Since 1986, when Pollard was convicted, the world has undergone a technological revolution. Relative to commonplace hacking today and undetected cyber violations, one thing is clear—Jonathan Pollard has spent half his life in captivity and, by all accounts, he no longer presents a danger to U.S. intelligence. An ailing, all- but-spent convict just wants to live out his days.
Just five years ago, Americans felt the sting of releasing three Cuban spies for American Alan Gross. The memory of swapping five still dangerous Taliban prisoners—terrorists—for a disgraced American soldier burns brightly in the American psyche. What further debt can be extracted from a figure like Jonathan Pollard?
The book of life has just closed on the Jewish people. It’s time to close the book on Pollard and lift his parole. Immediately, let him live out the final chapter of his life in Israel.
B’nai B’rith International has advocated for global Jewry and championed the cause of human rights since 1843. B’nai B’rith is recognized as a vital voice in promoting Jewish unity and continuity, a staunch defender of the State of Israel, a tireless advocate on behalf of senior citizens and a leader in disaster relief. With a presence around the world, we are the Global Voice of the Jewish Community. Visit www.bnaibrith.org
B’nai B’rith International has been a leader in advocating for the United Nations to place Yom Kippur, the most sacred day of the Jewish year, on the list of Christian, Muslim and other holidays officially recognized by the world body. In recent months B’nai B’rith has challenged members of the United Nations to quickly embrace a new initiative to add Yom Kippur, pushing the issue in a New York Times op-ed and bringing the conversation to the international forefront.
With the United Nations set to make a decision on Yom Kippur, B’nai B’rith International President Allan J. Jacobs, Executive Vice President Daniel S. Mariaschin and Director of U.N. and Intercommunal Affairs David J. Michaels wrote to U.N. missions urging them to support the Yom Kippur initiative.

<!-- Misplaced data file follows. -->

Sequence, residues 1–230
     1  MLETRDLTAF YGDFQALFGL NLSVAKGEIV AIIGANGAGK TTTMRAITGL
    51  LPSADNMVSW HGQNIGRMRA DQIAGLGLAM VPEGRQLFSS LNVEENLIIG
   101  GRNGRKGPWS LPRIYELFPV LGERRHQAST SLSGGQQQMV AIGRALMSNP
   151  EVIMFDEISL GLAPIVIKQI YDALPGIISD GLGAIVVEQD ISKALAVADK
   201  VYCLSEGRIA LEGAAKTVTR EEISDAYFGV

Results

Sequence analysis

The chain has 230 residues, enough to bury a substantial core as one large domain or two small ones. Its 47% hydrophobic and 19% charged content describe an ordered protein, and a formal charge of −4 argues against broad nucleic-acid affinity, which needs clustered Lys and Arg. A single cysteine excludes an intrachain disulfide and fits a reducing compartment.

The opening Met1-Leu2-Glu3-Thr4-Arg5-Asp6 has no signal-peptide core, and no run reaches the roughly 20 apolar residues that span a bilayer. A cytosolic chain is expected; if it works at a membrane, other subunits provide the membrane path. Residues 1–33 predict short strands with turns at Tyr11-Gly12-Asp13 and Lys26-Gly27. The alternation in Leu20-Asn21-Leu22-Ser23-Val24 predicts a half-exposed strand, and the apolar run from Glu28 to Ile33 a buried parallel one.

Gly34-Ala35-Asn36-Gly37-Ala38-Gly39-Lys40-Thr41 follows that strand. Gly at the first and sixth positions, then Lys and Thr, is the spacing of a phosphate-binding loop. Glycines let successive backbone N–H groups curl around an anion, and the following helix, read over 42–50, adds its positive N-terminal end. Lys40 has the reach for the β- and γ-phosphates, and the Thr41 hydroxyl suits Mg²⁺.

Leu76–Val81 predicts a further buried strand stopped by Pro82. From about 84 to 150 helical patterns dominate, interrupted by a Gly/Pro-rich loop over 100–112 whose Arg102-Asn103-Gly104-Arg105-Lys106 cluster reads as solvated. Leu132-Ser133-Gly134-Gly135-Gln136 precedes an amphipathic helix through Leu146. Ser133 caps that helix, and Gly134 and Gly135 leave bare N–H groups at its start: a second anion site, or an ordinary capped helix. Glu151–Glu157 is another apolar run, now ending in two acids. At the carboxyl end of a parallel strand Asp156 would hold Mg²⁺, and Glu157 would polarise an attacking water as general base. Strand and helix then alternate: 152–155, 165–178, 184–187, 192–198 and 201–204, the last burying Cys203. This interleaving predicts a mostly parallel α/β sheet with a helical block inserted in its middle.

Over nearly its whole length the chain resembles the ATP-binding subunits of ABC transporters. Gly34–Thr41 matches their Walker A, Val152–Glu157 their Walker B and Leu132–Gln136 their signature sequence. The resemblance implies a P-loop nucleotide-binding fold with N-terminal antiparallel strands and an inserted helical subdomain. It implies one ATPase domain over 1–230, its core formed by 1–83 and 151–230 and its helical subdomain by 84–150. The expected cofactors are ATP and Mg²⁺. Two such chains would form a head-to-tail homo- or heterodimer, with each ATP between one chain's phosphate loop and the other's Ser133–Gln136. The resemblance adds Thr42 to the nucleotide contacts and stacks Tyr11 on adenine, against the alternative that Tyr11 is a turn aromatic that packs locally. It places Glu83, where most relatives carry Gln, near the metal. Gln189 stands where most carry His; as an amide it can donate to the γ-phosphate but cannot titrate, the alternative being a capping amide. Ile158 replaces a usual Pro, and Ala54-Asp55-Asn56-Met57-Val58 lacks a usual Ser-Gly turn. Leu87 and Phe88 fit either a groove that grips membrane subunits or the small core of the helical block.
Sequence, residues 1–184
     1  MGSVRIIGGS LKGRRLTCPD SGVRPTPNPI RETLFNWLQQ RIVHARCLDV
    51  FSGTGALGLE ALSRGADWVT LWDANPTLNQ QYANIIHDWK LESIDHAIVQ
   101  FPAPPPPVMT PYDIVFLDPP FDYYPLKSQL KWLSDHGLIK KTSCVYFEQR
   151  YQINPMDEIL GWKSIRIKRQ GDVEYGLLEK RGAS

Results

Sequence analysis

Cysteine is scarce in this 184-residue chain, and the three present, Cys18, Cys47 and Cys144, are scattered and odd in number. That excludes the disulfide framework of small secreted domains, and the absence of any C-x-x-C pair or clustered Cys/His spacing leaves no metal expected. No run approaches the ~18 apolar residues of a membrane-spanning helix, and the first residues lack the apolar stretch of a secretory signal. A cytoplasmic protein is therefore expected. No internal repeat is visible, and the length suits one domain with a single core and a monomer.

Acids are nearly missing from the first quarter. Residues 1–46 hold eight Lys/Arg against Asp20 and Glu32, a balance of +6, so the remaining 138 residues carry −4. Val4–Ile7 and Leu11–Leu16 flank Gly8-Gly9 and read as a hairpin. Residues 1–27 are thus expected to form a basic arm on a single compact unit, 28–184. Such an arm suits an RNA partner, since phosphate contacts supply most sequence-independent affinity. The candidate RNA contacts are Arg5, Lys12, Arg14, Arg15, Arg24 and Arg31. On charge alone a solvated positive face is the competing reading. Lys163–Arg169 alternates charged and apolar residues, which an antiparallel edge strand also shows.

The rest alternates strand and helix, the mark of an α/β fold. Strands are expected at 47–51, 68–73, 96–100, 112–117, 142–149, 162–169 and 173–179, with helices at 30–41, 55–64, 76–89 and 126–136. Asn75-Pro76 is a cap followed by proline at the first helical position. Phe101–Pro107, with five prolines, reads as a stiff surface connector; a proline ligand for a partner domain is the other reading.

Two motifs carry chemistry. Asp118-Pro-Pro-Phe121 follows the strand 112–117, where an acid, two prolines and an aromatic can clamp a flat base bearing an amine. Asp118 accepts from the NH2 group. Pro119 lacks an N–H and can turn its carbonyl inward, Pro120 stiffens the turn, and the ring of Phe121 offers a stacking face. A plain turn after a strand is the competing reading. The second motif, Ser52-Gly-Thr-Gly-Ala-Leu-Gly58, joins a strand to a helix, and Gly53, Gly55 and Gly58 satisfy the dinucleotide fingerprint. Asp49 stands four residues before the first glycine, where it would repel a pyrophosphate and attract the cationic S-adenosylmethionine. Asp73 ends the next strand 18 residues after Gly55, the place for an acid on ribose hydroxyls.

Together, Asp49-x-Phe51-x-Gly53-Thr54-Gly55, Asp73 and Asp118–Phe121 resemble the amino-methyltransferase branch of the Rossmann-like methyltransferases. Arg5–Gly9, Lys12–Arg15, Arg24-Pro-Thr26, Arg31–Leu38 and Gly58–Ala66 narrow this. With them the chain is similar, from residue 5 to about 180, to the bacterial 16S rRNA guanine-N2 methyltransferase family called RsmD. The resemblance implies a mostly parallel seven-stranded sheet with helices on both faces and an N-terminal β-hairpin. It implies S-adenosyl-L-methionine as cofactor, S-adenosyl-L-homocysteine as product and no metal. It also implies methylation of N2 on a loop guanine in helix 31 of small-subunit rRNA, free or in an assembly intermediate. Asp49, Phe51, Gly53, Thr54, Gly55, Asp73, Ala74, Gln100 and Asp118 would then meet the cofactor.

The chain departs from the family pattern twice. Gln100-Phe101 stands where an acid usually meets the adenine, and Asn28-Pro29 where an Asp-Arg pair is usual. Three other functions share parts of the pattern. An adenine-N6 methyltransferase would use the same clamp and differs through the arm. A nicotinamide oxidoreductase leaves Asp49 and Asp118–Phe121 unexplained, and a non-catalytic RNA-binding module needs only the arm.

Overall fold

In the letter, Jacobs, Mariaschin and Michaels write:
“The Jewish people have observed Yom Kippur, the most sacred day of the Jewish calendar, for thousands of years. It is a day when millions of Jews seek forgiveness and self-improvement in the hope of creating a better life and, ultimately, a better world.
We believe that the time has come for the United Nations to add Yom Kippur, the Day of Atonement, to its calendar. The initiative to add Yom Kippur to the UN calendar would represent a modest but meaningful step in helping the UN to better live up to its Charter's embrace of diversity and respect for peoples large and small.
The UN is headquartered in New York City, the city with the largest Jewish population in the Diaspora. There is an active Jewish presence at UN Headquarters, among secretariat staff, diplomats, and NGO representatives alike. These contributors to the work of the UN, hailing from some of the roughly 120 UN member states where organized Jewish communities can be found, should not be forced to choose between violating their religious beliefs and neglecting professional demands.
We strongly urge you to support adding Yom Kippur to the UN calendar, alongside other religious and civil holidays.”
Click here to read the full letter.